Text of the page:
As the 2021-22 school year began, Anser Charter School eighth-grader Sophia Acosta noticed something different about newly enrolled students: More of them looked like her.
Sophia, who is Latina, is in her second year at the K-8 charter school in Garden City. She had previously attended district-run public schools in Caldwell and West Ada where a significant portion of students were of color. When she started at Anser, she was in a more distinct minority.
“My mom and I talked about it and she explained that it can be harder for families of color to learn about charter schools and get involved (because of lack of access to information and restrictive work schedules),” Sophia said.
This year’s entering students are a more diverse bunch, thanks to a 2020 Idaho law, House Bill 512, that allows charter schools, who admit students by lottery, to weight those lotteries to give certain students better odds of admission. Some 21 percent of Anser students are non-white.
Anser is Idaho’s first charter school to use a weighted lottery for its admissions, which is significant because the school perennially has more families applying than there are seats available. Anser first opened its doors to students in 1999, and has been a pathbreaker ever since. More schools are likely to implement weighted lotteries in the years to come.
To be clear: The weighted lottery is not a quota, but rather provides additional chances for underserved students, underrepresented in some charters, to gain admittance.
Think of Anser’s lottery as working this way: Every student applying for admission gets his or her name on one slip of paper placed in a large bin. But students who are economically disadvantaged, are English language learners, are homeless, or are in foster care, get their names on four slips of paper. And students who fit into two or more of those categories get their names on six slips of paper.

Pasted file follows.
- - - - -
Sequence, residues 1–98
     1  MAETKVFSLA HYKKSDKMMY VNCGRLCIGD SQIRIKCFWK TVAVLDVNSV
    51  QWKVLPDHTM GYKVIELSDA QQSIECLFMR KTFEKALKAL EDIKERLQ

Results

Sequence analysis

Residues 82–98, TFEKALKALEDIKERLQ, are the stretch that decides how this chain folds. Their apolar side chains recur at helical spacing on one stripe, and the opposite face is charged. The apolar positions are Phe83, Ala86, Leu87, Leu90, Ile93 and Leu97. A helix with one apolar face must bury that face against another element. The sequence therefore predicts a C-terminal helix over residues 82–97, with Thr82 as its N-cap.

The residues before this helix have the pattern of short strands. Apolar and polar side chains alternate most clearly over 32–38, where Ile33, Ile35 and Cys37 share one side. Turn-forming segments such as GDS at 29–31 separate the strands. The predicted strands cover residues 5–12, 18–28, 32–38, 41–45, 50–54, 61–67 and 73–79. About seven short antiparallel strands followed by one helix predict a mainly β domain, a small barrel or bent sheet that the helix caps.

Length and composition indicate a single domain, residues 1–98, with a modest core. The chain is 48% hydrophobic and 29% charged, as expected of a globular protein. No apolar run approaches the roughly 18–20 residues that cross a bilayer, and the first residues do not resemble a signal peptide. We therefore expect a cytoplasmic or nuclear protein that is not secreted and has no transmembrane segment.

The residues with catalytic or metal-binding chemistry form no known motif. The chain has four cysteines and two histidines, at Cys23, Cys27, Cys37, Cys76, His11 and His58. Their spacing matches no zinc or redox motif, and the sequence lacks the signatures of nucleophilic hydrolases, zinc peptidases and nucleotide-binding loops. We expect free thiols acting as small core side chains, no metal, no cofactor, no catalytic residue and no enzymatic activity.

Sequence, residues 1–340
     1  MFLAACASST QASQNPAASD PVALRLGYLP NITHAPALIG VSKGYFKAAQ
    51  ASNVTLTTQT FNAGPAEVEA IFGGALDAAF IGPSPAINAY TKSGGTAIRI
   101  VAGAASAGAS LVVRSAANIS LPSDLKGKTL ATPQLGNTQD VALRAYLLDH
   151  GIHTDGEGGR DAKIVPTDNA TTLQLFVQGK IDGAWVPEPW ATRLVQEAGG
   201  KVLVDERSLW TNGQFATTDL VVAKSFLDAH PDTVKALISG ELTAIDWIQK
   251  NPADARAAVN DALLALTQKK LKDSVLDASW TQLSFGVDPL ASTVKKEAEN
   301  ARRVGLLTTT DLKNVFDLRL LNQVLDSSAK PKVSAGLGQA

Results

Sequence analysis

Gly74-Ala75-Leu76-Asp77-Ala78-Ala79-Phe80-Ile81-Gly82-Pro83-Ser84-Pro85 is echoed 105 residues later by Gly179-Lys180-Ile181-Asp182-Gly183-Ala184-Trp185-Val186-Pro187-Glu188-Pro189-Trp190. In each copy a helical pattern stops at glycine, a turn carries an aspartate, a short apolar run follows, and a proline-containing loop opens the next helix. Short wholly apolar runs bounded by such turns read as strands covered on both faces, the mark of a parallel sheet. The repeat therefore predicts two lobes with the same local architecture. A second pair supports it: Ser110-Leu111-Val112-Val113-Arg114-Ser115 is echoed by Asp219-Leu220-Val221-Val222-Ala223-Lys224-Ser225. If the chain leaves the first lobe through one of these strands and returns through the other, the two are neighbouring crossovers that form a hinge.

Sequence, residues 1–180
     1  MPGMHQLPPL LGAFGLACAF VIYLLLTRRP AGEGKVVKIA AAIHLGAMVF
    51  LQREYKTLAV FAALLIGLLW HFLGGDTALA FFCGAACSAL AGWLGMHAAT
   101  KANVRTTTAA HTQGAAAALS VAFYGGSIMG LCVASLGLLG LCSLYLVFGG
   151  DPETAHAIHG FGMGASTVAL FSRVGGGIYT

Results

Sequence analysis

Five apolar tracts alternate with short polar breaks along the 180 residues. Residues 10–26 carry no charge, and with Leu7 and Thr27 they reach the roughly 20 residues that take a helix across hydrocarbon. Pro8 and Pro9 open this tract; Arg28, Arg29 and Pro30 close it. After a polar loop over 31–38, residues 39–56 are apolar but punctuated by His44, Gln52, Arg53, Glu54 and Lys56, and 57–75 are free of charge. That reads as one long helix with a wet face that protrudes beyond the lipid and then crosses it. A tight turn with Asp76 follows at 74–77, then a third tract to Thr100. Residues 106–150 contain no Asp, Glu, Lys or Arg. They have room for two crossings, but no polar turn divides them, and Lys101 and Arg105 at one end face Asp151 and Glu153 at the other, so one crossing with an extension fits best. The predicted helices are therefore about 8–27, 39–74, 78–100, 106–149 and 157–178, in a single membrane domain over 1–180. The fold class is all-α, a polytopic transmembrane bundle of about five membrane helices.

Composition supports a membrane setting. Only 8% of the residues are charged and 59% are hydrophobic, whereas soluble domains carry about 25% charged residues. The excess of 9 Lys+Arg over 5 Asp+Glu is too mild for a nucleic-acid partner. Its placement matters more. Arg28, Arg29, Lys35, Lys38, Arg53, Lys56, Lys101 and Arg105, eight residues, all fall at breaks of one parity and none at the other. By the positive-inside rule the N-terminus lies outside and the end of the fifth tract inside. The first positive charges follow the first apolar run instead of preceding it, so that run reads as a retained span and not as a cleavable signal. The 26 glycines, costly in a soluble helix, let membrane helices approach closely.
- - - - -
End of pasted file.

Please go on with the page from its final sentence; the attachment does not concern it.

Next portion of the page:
Giving students with challenges extra chances for admission amounts to “removing barriers for folks who have them,” said Heather Dennis, Anser’s organization director.
The biggest barrier for many families is simply lack of knowledge about charter schools and that they are open, free and available for all families. Families aren’t assigned to charter schools as they are to neighborhood public schools. This means families have to choose charter schools proactively, and people from less privileged communities frequently lack access to information about different schools and therefore default into their neighborhood school.
“Charter schools in general have a hard time (increasing student diversity) because there are extra barriers for folks to attend. They have to know we exist. They have to know how to apply, rather than just walking up to your neighborhood school,” shared Dennis.
That’s why charter school leaders and advocates from the Idaho Charter School Network pushed hard for the 2020 law allowing weighted lotteries. Simply relying on families to learn about charter schools with different educational models tended to skew student bodies whiter and wealthier. Many charters, like Anser, see serving a diverse population as at the heart of their mission.
Anser is an EL Education (formerly Expeditionary Learning) school. EL schools focus on in-depth projects, field work, and close collaboration among students. It is a distinctly different model than the traditional neighborhood school offers.